If you have been following the twists and turns of the ongoing saga of world’s richest man Elon Musk’s US$44 billion ($60.4 billion) purchase of microblogging platform Twitter, you may be struggling to keep up with what exactly he would do with it once he owns it. As it turns out, Musk, who originally said he wasn’t looking to make money from the purchase and was interested mainly in defending free speech, now feels that the best way to derive value from Twitter might be to turn it into a superapp with payments at its core.
While you in Asia may have heard a lot about WeChat, the all-purpose superapp owned by Chinese Internet giant Tencent Holdings, most Americans and Europeans do not have anything close to a superapp. A superapp is a single mobile app that offers basic services including chat and payments, alongside a suite of “mini-apps” from third parties, ranging from stores and restaurants to government agencies. WeChat is the everything app — wallet, social media, messaging, food ordering, music and video streaming, bill paying, gaming and a lot more.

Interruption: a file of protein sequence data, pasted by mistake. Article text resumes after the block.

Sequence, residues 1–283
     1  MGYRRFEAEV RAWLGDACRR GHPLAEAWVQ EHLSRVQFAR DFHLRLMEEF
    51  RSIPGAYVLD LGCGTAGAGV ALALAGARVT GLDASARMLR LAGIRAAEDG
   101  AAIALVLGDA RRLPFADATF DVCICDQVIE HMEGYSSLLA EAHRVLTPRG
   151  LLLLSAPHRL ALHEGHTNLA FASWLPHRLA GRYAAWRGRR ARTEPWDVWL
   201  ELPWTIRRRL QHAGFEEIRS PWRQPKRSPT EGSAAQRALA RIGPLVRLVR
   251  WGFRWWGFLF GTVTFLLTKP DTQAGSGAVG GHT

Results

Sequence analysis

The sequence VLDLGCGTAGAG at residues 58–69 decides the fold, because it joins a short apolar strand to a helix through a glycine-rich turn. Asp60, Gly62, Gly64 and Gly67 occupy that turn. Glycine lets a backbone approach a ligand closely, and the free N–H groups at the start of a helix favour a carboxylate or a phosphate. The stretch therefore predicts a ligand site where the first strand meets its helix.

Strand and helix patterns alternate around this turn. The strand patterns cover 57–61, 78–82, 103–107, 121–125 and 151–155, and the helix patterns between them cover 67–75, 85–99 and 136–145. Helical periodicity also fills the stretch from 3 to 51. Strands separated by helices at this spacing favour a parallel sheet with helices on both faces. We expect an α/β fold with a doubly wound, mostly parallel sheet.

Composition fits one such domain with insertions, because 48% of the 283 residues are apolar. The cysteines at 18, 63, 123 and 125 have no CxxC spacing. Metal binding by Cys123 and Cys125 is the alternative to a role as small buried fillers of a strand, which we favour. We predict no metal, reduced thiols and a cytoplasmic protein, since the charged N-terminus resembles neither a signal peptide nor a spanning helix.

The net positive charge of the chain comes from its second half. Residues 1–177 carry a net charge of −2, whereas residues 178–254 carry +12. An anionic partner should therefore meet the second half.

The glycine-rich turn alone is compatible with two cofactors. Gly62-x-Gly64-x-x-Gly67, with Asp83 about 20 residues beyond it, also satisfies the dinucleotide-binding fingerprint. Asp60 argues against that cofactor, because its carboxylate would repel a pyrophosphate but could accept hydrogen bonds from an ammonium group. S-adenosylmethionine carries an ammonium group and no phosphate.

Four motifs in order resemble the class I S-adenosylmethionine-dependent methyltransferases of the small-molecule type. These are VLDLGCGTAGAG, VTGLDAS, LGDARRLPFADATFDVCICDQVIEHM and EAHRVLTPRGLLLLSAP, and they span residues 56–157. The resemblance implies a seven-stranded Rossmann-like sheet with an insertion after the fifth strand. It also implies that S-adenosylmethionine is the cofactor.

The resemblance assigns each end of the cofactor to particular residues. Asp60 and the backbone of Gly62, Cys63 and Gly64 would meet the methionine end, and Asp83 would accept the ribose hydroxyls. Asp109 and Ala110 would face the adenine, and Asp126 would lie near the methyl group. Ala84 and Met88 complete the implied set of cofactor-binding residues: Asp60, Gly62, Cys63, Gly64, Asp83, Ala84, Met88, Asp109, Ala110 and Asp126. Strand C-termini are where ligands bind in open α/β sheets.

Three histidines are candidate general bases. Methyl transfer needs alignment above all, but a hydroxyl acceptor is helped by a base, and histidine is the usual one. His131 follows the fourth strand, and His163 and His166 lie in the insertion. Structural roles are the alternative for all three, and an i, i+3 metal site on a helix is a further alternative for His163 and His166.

“If you’re in China, you kind of live on WeChat,” Musk said on a recent podcast. “It does everything — sort of like Twitter, plus PayPal, plus a whole bunch of things, and all rolled into one, with a great interface. It’s really an excellent app, and we don’t have anything like that outside of China.”